Trump meets Kim in DMZ, becomes first sitting US president to step into North Korea

With wide grins and a historic handshake, President Trump became the first sitting U.S. leader to set foot in North Korea when he took 20 steps into the Hermit Kingdom on Sunday.

Trump shook hands with North Korean leader Kim Jong Un as he crossed the low stone curb separating the North and the South at around 3:45 p.m. local time. The event in the Demilitarized Zone — which also included a roughly 50-minute meeting behind closed doors — marked a return to face-to-face contact between the two leaders after talks broke down during a summit in Vietnam in February.

Speaking to reporters afterward, Trump said that the two leaders had agreed to revive talks on the pariah nation’s nuclear program.

The president said "speed is not the object" in trying to reach a deal but noted he believes both sides want to get the job done.

"We're looking to get it right," Trump said.

The meeting between Trump and Kim was the first face-to-face meeting between the two since their failed summit in Hanoi in February. Prior to that, they met in Singapore last June.

Talks between the U.S. and North Korea had mostly broken down since the Hanoi summit, which ended without a deal. North Korea has hesitated at Trump's insistence that it give up its nuclear ambitions before it sees relief from crushing international sanctions.

The U.S. has said the North must submit to "complete, verifiable and irreversible denuclearization" before sanctions are lifted.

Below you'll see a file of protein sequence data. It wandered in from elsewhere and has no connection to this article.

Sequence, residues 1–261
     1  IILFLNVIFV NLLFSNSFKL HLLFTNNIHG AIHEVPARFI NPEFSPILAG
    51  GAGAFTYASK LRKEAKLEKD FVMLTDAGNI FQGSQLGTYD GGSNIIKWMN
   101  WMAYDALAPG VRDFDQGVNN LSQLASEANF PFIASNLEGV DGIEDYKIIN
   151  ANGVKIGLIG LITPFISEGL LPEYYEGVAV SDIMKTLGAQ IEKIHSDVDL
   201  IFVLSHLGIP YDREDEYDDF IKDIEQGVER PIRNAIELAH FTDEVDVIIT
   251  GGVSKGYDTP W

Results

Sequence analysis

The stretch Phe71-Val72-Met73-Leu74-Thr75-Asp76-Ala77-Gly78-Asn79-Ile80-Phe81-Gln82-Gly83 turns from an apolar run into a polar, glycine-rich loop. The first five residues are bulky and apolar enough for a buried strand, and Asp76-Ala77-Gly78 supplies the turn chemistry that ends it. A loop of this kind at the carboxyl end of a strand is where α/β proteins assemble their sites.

Despite their nearly hour-long chat, Trump said that sanctions on North Korea are still in place, although seemingly left open the possibility of scaling them back as part of renewed negotiations.

“At some point during the negotiation, things can happen," the president told reporters, adding that he suggested Kim could visit Washington, D.C., during their discussions.

Trump says he told Kim that, “at the right time, you’re going to come over” and that could be “any time he wants to do it.” He added that he “would certainly extend the invite” and that, “at some point” it will happen.

Hours earlier, Trump became the first sitting U.S. president to step foot inside North Korea. He described it as "a great day for the world."

Inside the "Freedom House" on the South Korean side of the zone, Trump and Kim were joined by the president's daughter and son-in-law, Ivanka Trump and Jared Kushner.

It was Trump's first visit to the DMZ, which every president since Ronald Reagan — except for President George H.W. Bush — has toured during their time in office, according to the Associated Press. But the elder Bush, who died last year, visited the DMZ while serving as vice president under Reagan.

Later Sunday, the president addressed U.S. troops at Osan Air Force Base in Pyeongtaek, South Korea.

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Fox News' Dom Calicchio and the Associated Press contributed to this report.